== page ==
UPDATE with closing stock price. Sinclair Broadcast Group stock hit the stratosphere on Monday — bucking the day’s downward trend on Wall Street to gain nearly 35% — as the company’s CEO touted the company’s deal to acquire the former Fox regional sports networks.
Shares in Sinclair rocketed to an all-time high of $60.48 today, on 15 times their normal trading volume. The broader markets closed down slightly amid trade and interest-rate anxiety.
The $10.6 billion acquisition from Disney gives Sinclair a key weapon in the streaming wars, CEO Chris Ripley argued during a conference call with analysts to discuss the deal, which was confirmed on Friday. Deadline and other outlets had reported in recent months that Sinclair was in lead position during the auction. Disney was obligated to sell the nationwide string of Fox RSNs as part of an agreement with the U.S. Department of Justice, which stipulated the sale as a condition of its approval of the $71.3 billion acquisition of most of 21st Century Fox. The Disney-Fox deal closed in March.
The RSN deal, in which Byron Allen is also a participant, gives Sinclair rights to dozens of pro sports teams’ games in 19 of the top 25 markets in the U.S. YES, the flagship of the RSN portfolio, was sold separately to the New York Yankees and Amazon in a deal that is still pending. Sinclair also has a position in YES. Taken together, the value of the 22 RSNs came up a bit short of the $15 billion to $20 billion range initially set forth by analysts.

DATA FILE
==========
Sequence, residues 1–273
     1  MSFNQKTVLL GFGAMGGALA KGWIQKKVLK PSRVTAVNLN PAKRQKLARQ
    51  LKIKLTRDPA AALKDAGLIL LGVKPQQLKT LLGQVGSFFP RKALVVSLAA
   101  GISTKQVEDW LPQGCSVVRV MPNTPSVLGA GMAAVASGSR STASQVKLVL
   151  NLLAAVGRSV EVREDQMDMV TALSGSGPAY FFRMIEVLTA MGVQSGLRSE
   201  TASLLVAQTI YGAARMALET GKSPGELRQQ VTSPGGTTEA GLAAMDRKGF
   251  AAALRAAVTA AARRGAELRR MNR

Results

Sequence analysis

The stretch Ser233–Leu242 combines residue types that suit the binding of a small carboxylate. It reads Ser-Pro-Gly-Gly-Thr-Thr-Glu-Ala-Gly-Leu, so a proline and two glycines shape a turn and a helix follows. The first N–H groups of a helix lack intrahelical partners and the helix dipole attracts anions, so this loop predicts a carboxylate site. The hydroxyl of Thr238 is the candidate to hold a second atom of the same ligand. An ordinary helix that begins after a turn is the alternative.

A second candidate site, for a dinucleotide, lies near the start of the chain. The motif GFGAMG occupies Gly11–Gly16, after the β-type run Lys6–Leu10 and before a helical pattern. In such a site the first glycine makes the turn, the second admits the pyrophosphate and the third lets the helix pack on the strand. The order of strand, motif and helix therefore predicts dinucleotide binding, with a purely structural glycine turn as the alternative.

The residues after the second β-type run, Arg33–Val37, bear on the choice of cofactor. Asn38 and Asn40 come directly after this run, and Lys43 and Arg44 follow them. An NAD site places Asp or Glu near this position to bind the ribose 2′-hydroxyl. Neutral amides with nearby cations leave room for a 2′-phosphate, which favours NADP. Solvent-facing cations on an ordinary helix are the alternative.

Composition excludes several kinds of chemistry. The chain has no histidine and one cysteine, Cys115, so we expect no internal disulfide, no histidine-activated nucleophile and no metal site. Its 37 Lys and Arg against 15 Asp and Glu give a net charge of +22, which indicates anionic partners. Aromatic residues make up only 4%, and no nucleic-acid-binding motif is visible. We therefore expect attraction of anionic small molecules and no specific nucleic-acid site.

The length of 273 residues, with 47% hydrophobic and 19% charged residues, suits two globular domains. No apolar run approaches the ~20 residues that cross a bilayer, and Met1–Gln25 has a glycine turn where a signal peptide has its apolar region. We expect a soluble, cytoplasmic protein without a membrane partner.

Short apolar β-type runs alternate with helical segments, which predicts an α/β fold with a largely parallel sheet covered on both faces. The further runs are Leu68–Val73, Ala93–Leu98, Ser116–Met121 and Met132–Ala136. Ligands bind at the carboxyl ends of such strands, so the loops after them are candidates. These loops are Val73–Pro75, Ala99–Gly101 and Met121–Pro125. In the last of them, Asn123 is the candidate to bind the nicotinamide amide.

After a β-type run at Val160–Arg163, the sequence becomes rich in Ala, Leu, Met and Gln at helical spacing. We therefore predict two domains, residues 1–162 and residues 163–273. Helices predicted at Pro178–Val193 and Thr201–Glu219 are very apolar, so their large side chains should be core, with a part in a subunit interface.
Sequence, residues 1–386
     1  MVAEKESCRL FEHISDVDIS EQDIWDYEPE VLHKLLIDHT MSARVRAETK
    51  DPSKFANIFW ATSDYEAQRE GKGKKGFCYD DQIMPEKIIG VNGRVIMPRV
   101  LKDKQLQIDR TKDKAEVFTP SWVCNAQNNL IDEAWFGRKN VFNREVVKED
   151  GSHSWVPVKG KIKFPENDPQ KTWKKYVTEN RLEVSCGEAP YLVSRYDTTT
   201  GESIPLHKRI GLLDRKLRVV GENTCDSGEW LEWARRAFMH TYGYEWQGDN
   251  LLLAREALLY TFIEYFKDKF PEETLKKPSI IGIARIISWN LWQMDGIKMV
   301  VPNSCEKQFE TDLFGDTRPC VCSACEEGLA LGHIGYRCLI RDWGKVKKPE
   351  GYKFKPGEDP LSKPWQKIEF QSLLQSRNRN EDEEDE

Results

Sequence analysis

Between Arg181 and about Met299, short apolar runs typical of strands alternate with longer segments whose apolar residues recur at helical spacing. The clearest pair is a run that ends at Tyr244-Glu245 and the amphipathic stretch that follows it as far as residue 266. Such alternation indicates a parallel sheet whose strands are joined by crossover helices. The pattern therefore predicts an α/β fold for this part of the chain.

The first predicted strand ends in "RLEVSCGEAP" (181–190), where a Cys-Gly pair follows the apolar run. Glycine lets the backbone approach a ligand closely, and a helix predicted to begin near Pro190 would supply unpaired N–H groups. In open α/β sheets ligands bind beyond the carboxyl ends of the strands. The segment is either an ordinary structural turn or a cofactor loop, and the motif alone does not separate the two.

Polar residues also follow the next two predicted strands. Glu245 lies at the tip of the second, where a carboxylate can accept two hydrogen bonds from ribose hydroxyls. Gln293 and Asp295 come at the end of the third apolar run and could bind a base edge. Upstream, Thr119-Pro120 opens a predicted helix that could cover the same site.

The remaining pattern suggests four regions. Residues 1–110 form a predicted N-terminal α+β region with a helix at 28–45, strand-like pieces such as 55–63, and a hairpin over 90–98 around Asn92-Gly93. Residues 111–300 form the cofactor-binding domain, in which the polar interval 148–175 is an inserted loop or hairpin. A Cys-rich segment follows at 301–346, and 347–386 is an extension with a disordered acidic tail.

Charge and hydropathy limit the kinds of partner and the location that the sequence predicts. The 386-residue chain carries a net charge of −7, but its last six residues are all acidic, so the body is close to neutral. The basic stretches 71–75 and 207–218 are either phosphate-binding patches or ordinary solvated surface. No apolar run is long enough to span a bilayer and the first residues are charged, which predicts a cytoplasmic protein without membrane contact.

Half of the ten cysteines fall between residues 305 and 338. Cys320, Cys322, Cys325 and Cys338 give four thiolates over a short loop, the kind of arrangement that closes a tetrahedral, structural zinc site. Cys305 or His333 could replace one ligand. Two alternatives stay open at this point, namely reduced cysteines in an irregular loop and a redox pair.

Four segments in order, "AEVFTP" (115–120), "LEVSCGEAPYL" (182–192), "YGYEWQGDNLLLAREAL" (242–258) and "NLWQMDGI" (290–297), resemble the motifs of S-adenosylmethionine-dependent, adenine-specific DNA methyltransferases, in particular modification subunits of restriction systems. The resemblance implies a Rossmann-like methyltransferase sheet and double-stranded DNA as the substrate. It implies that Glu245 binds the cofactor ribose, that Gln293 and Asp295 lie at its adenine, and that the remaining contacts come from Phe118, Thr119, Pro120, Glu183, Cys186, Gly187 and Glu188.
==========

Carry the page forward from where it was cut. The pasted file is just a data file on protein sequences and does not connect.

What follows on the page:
“We see tremendous opportunity for the RSNs in the continued adoption of digital streaming as well as the nascent legalized sports betting space,” Ripley said during a conference call with analysts to discuss the transaction.
On a pro forma basis, the deal will more than double Sinclair’s annual revenue to $6.7 billion, and triple its EBITDA to $900 million, Ripley said.
He described the networks as offering an “unmatched portfolio of sports media rights.” Such rights are expensive, of course — and their cost has capsized one RSN in Houston and done damage to another in LA due to disputes with pay-TV operators who balked at paying carriage fees hiked to cover the cost of rights.
Nevertheless, Ripley argued that the staggered expiration of rights across the networks “materially de-risks the business.” Sinclair and the Chicago Cubs recently announced the formation of a new RSN that will begin airing Cubs games in 2020.
Ripley declined to get into details about carriage terms, but he emphasized that the company did “significant due diligence” on the distribution aspect of the deal. He said the company determined that the outlook for RSN distribution is “very similar” to that of the company’s local broadcast stations. “When we looked at the situation, we got comfortable with the strength of the product here and our relationships with the MVPDs and our ability to navigate through those renewals.”
In terms of rights agreements between individual RSNs and the teams whose games they carry, Ripley said the weighted average term of those deals is 11 years. “Fox did an excellent job of positioning the portfolio to maximize renewals.”
Sinclair missed out on an earlier M&A opportunity when regulators scotched its planned purchase of Tribune Media in the summer of 2018. Nexstar has a deal pending for Tribune, which would catapult it beyond Sinclair to the No. 1 spot among station owners.